Racism, she said, "plays a part" in that fear. Ms. Stierhoff also said the county's reluctance goes back to residents' long held attitudes against housing for the poor.
Consequently, until 1981, federal rent subsidies in the county were administered by a private real estate agent. There is still no public housing in the county, and no local housing authority.
In its submission to HUD, the county discussed several possible new actions, but Mr. Welsh said it's not clear if any will be adopted. These options include suggesting that the county might create a housing authority and offer developers incentives for building lower priced housing.
Mr. Welsh also plans to convene a citizens' committee on housing this summer. Though all of these ideas have been proposed under previous county administrations, none have been adopted.
The county is helping in a few new efforts to house the homeless and poor, however. A joint, county-state-federal effort to create 23 units of transitional housing for homeless families at Rosewood Hospital Center in Owings Mills is under way, and there is a plan to build 53 more subsidized homes for low-income people in Towson's historic black enclave east of York Road. In addition, the county has used federal block grant funds to help subsidize rehabilitation of hundreds of old, run-down county apartments and guarantee their continued use by low-income renters.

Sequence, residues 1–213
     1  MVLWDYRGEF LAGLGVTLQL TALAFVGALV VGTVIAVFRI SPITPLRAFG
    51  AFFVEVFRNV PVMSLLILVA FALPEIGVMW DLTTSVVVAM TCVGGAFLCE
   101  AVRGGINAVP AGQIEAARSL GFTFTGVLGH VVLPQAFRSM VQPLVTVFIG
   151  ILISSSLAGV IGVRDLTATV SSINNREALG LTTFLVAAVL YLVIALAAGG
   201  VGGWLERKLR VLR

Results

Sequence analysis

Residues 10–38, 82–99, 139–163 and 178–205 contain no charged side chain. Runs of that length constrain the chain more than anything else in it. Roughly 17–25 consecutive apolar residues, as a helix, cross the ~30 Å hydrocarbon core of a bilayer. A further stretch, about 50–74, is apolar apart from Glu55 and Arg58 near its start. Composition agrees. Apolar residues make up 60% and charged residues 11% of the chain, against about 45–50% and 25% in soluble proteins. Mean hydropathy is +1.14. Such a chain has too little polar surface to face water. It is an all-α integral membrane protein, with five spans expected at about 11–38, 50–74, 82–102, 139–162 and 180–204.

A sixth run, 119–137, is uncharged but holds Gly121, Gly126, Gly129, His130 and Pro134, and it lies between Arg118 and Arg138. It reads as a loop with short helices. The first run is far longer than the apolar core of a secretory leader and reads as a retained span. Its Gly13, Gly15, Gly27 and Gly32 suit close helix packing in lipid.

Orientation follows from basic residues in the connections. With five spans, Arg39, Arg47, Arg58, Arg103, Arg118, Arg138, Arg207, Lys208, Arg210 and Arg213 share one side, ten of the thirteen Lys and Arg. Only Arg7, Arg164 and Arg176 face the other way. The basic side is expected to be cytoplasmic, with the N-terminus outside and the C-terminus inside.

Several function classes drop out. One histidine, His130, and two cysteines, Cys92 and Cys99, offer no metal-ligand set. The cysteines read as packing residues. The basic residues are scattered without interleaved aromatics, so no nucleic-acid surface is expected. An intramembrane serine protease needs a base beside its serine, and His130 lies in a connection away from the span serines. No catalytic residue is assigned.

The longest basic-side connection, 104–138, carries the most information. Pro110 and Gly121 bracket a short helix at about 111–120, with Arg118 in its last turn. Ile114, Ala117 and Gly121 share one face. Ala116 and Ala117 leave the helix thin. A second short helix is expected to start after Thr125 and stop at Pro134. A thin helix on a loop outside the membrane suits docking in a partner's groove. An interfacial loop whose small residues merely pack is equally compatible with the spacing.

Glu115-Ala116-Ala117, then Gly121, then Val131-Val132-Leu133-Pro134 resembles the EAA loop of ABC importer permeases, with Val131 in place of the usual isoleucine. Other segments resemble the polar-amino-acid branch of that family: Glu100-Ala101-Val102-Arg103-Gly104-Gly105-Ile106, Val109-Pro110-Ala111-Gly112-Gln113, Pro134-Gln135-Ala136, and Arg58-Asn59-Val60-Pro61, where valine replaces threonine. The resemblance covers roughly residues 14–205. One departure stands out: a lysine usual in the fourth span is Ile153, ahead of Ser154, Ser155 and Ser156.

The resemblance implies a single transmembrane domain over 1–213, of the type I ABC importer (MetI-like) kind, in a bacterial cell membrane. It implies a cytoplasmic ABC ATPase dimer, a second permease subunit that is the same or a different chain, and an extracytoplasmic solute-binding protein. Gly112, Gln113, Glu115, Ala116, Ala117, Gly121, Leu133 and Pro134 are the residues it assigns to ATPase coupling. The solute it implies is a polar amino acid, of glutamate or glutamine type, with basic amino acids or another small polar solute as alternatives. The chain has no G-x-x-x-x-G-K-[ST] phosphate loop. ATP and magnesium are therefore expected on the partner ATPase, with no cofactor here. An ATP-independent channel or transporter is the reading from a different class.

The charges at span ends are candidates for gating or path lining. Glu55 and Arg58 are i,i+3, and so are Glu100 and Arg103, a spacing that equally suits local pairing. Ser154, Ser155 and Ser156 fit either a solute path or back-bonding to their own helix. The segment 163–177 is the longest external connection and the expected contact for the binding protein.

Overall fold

The housing problem in Baltimore County, as elsewhere, is growing, however, as reflected in a doubling of the local waiting list for federal Section 8 and housing vouchers. In 1987 when the new county Community Development agency was formed, the list was 3,000. It is now 6,775. The typical waiting period is 18 to 36 months, said Mr. Welsh. Currently, 3,556 county families are living with the aid of those federal rent subsidies.
Because of the county's increased use of federal and state programs, its bureaucracy for administering them is growing too. The County Council recently approved a new lease for the housing office in Towson to allow it to expand from its current 6,000 square feet to 11,494 square feet. The county's housing rehabilitation office has also been assigned larger quarters starting July 1. Despite a two-year hiring freeze and the ravages of the recession, the housing office's staff has grown to 44 from 27 in 1987.
BALTIMORE COUNTY HOUSING AT A GLANCE
* The average price of a house in 1990: $130,000.
* With 5 percent down, a family would need an income of $54,636 a year to afford such a house.
* Estimates were that in 1989, only 32 percent of county families had annual incomes over $50,000.
Of estimated 268,280 households:
* 43,240 families had incomes between $32,400 and $38,475 -- classified as moderate income.
* 39,000 families had incomes between $20,250 and $32,400 -- classified as low income.
* 47,000 families had incomes under $20,250 -- classified as very low income.
* 15,348 of those very low-income families earned under $13,000 a year and could not afford more than $300 a month for rent.
* More than 15,000 county families were paying more than they could afford for shelter, or were doubling up with friends or relatives.